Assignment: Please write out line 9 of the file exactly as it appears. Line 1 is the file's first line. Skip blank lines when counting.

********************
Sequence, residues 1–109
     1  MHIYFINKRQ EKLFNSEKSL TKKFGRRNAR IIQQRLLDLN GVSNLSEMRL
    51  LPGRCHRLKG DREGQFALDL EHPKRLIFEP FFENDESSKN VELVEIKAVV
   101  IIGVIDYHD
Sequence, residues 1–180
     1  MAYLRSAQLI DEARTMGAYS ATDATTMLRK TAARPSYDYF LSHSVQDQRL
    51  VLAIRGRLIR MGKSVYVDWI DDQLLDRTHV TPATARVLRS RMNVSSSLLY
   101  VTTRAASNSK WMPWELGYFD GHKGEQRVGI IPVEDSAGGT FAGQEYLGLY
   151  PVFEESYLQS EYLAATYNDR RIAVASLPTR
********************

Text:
   151  PVFEESYLQS EYLAATYNDR RIAVASLPTR